So we followed that down, put in a 10-by-10 test into that area, and found a number of disturbances. So far, we've found two coins. One is an Irish penny dating to about 1601. And the latest penny that we found, or item that we found, was from 1613, a Harrington farthing, so that means that most of these deposits, trash deposits, would have been deposited after that date, we're assuming at this point.

Also, numerous numbers of pottery shards, pieces of borderware, redware coming from England. Also, we've just recently discovered a deer antler in one portion of the trash deposit we're working on presently and a borderware candlestick holder, which is pretty cool.

Indian cooperation with settlers

BLY STRAUBE, Senior Curator, Jamestown Rediscovery: This just came in. And it's earthenware, but it really reveals a lot.

KWAME HOLMAN: Bly Straube is the dig's senior curator.

BLY STRAUBE: What it is, is a standing candlestick. We know exactly where it was made. It was made on the border of Hampshire and Surrey Counties in England.

And what's very interesting is that it's a candlestick, because candles were extremely expensive in the early 17th century. So we know that this must have belonged to a gentleman. You know, the average person could not afford to have candles.

KWAME HOLMAN: Records show the local Powhatan Indians often cooperated with the settlers, in part to learn the settlers' metal-working skills. But as the number of settlers and their tobacco fields grew, the Powhatan tried to drive them out. But Bly Straube says it appears that, when the groups did cooperate, they did so closely.

BLY STRAUBE: Well, this table has sort of a collection of materials that relate to the Indians, and that's one interesting thing we've been finding in our excavations, the presence of Indians in the fort. It looks like they are not just passing through, they're not just there to trade, but that they're actually living there. And this may not be just Indian men.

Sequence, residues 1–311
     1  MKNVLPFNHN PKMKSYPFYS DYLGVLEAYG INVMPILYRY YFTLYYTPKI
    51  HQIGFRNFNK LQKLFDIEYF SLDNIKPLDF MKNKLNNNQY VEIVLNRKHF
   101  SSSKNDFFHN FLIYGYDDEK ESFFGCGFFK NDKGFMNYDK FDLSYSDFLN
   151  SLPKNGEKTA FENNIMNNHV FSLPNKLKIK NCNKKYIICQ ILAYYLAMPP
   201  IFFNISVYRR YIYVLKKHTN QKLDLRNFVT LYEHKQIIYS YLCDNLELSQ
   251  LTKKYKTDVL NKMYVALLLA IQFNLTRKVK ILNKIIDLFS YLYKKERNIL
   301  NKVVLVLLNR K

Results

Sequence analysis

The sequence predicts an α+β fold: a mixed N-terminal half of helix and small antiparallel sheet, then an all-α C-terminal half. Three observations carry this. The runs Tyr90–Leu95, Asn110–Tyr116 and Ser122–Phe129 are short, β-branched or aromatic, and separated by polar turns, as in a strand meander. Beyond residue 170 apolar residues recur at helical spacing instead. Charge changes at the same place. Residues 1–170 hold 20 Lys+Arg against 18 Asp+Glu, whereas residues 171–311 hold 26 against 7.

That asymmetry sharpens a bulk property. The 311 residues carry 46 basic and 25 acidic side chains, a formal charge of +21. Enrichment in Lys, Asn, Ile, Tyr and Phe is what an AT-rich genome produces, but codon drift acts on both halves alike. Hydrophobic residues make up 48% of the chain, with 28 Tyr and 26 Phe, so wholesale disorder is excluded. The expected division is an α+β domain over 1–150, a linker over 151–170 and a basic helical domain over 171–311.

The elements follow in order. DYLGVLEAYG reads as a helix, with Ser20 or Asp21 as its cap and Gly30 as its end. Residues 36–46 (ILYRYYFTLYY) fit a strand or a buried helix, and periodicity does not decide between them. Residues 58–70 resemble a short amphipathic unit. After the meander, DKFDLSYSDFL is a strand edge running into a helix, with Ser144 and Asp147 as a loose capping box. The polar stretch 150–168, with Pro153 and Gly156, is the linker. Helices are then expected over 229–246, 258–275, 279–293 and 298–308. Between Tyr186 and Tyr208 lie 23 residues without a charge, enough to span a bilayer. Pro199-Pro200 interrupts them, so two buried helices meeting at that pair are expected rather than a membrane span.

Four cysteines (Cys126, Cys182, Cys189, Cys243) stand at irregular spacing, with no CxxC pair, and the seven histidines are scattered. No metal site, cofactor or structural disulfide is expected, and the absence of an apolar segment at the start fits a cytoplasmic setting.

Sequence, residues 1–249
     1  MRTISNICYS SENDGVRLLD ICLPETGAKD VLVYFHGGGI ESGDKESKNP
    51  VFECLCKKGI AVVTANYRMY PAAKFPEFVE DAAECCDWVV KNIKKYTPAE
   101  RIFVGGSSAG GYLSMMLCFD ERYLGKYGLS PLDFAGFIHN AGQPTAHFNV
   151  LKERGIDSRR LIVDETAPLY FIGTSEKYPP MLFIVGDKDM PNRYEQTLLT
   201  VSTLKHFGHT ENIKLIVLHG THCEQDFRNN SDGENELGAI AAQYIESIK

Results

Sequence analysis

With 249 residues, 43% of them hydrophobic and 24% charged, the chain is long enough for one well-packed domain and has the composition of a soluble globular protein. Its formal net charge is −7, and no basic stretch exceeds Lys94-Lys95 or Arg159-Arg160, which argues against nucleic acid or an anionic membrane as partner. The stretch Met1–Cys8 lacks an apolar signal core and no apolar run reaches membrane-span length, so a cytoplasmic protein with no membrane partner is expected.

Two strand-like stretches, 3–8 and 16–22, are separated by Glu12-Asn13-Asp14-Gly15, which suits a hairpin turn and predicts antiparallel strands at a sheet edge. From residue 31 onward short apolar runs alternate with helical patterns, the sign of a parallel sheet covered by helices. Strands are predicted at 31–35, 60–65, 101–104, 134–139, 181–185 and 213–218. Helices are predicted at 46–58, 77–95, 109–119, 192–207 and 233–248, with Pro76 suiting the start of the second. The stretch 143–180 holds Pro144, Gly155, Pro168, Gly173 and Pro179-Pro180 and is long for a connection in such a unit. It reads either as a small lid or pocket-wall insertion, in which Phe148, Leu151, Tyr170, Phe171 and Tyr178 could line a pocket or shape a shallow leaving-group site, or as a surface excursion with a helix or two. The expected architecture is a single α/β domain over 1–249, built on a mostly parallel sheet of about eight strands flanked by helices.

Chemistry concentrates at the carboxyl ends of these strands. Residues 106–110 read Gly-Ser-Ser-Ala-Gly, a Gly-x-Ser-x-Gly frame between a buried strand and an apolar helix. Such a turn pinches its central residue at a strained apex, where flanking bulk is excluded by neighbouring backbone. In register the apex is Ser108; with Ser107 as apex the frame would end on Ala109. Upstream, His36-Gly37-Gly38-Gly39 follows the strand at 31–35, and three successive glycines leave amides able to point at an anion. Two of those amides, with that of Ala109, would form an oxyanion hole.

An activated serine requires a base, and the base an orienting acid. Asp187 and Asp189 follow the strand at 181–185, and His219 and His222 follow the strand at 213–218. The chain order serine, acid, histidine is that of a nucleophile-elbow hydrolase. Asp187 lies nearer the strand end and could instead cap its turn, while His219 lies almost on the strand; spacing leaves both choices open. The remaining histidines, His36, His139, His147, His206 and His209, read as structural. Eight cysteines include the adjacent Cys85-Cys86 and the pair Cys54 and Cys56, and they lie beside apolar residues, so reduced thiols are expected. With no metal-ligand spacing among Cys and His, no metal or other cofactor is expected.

KWAME HOLMAN: Jamestown's most famous and most often-fictionalized feature is the friendship between Pocahontas -- the young daughter of Powhatan, the powerful Indian chief -- and settler John Smith. Pocahontas later would marry John Rolfe, the man credited with cultivating a desirable strain of tobacco that enriched the colony.

BLY STRAUBE: The Indian women kind of -- it's interesting -- may reinforce the statement we have, the historical statement from the ambassador, Spanish ambassador in London, writing to the king of Spain. And he's talking about 40 or 50 marriages between the English and the Indians.

But historians have pretty much dismissed it, because it's the only reference to that kind of thing. But with the archaeology, we kind of see that might be happening. Indian pottery, for instance, the Indian women were the potters. They were the cultivators of food and the preparers of food, and we're seeing that the colonists are actually cooking in these pots and eating from them.

We're also finding interesting things, like this is a projectile point that's made out of English flint. So they're taking the English stones the English are bringing as ballast. They also use the flint to strike their lights and so forth, used in their guns, and they're making points out of it. We also have points made out of the English copper.